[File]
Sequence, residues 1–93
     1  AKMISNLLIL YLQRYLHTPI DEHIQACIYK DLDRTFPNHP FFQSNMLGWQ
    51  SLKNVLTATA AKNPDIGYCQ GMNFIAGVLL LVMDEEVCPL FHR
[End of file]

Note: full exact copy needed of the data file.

Sequence, residues 1–93
     1  AKMISNLLIL YLQRYLHTPI DEHIQACIYK DLDRTFPNHP FFQSNMLGWQ
    51  SLKNVLTATA AKNPDIGYCQ GMNFIAGVLL LVMDEEVCPL FHR